The Olympics are less than 60 days away…see the countdown clock on the left sidebar. I love the Olympics…especially the summer games. I can’t get enough of it. The level of competition combined with the patriotism is something that I look forward to every 2 years. My DVR will be loaded up with events that I want to watch…which it will probably take me several months to get through.
The Men’s and Women’s Triathlon is obviously one event that I will be especially looking forward to. This will be the fourth Olympic games for the sport. The way that the team is selected is kind of strange to those not familiar with the Olympics, but it’s basically the same as most Olympic sports. For instance, Track and Field has the Olympic Trials (held June 21 – July 1). The trials are where athlete’s must earn a spot on Team USA. Maybe you’ve had a fantastic season leading up to the Trials and then just have a bad day. Too bad. You missed your chance…wait four more years. Is it a fair way to decide who represents the USA? Maybe. Maybe not.
The team that will represent the US in the sport of triathlon is determined in a very similar way. Here is the official qualification process from the USAT website:
Athletes are constantly racing to earn points to improve their standing on the ITU Olympic Qualification List, which can help assure the U.S. of earning the maximum three slots per gender at the 2012 Olympic Games.
• At the 2011 London WCS event (Aug. 6-7), the two highest-placing eligible U.S. athletes per gender qualify for the Games, provided they place among the event’s top nine finishers. Gwen Jorgensen and Sarah Groff both qualified at this event.
• Any eligible athlete who did not qualify in London and places in the top nine at the ITU World Triathlon San Diego (formerly WCS) event May 10-12, 2012 will qualify for the team, depending on the number of slots remaining. Laura Bennett, Hunter Kemper and Manuel Huerta all qualified at this event.
• Any slots available following the automatic selection process will be filled by a discretionary selection. Discretionary selections could entail potential medalists or an athlete who can assist the medal-potential athletes through specific team tactics.
• If there still is a spot (or spots) remaining after the two qualification events and one discretionary selection, they are awarded based on placing at the 2012 event.
So as you can see, you basically have three chances to make the team. The first was on the actual 2012 Olympic course at a race back in August. The second was two weeks ago in San Diego. The third is only necessary if not enough US athletes finish in the top 9 of the two races. At that time, a committee would determine who makes the team.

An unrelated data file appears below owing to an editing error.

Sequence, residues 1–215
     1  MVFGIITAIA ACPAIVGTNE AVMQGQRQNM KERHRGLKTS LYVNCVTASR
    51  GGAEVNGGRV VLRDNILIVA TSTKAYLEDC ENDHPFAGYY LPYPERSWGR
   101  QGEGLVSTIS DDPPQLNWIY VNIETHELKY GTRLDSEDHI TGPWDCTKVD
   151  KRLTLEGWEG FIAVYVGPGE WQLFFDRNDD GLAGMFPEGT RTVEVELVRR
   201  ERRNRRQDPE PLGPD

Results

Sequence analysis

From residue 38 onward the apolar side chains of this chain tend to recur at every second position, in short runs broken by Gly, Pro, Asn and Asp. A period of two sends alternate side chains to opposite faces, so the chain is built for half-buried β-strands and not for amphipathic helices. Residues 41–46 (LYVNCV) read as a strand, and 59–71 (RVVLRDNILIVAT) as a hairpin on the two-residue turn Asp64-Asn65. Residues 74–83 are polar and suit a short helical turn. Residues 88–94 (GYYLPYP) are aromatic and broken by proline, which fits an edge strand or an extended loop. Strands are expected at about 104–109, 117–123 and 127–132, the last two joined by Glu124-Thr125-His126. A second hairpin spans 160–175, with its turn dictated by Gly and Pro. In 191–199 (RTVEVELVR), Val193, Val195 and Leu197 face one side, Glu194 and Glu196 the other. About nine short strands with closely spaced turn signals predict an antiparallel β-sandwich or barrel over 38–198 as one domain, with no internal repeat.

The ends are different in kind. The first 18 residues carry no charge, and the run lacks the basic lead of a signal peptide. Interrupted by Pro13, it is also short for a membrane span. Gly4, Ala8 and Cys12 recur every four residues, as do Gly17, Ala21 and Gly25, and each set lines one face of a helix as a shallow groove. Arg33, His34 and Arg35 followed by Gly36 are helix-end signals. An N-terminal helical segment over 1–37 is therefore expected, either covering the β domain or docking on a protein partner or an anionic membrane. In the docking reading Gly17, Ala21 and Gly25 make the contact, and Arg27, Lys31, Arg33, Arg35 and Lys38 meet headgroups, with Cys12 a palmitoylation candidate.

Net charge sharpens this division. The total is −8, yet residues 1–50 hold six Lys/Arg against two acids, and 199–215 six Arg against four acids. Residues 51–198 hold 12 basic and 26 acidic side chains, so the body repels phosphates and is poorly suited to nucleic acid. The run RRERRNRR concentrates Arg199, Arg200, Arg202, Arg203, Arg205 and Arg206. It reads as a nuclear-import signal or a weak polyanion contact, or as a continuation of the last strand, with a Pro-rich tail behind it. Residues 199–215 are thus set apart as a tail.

I finally got around to watching the ITU World Triathlon San Diego race this past weekend. I already knew the outcome, but it was still a very exciting race! With the women’s Olympic team already set, there were seven men trying to earn the two spots on Team USA (provided that they both finished in the top 9 overall). Based on their ITU rankings, the favorites were Matt Chrabot and Jarrod Shoemaker.
The race started as predicted, with Chrabot being the first American out of the water, in 7th overall. Hunter Kemper and Shoemaker were both in the top 20 as they started the bike. There was a pack of 8 that went out quickly on the bike. This group included Chrabot. In draft-legal racing, riding in a group is necessary. You can work as a team to keep the pace fast. This group of 8 couldn’t hang on and were eventually caught by the chase group of around 30. So as they came into T2, everyone was basically together.
In races like this, fast transitions are very critical. With nearly everyone coming into T2 at the same time, every second counts. American Manuel Huerta was a long shot to be on the Olympic team, but coming off of the bike, he was right in the mix. Then he knocked out a 21 second T2 and found himself in great position starting the 10K run.
Hunter Kemper started making his move on the run, while Chrabot and Shoemaker faded. Kemper pulled off a 30:27 run split (5th best run) and surprised everyone by being the first American to cross the line and came in 5th overall. The real surprise was that entering the last lap on the run, Manuel was in 10th place overall, without another American between himself and Kemper. Without knowing exactly what position he was in, he just gave it all he had and ended up coming in 9th overall…good enough to become a member of the 2012 USA Olympic team! The best part was once he crossed the finish line, you could see him counting the number of guys that had already finished. When he realized that there were only eight ahead of him, he had this reaction:
The crazy thing to me about these ITU races is just how close they are. The separation between Kemper (5th place) and Huerta (9th place) was only 13 seconds!
Both of these guys have amazing stories that will hopefully be told during the Olympic coverage.
If you don’t want to wait, you can read about these two guys here:
Fourth time’s the toughest
Manny Huerta’s Dream
2012 Team USA
From left: Manuel Huerta, Laura Bennett, Hunter Kemper, Gwen Jorgensen and Sarah Groff
The Women’s Olympic race is Saturday, August 4th
The Men’s Olympic race is Tuesday, August 7th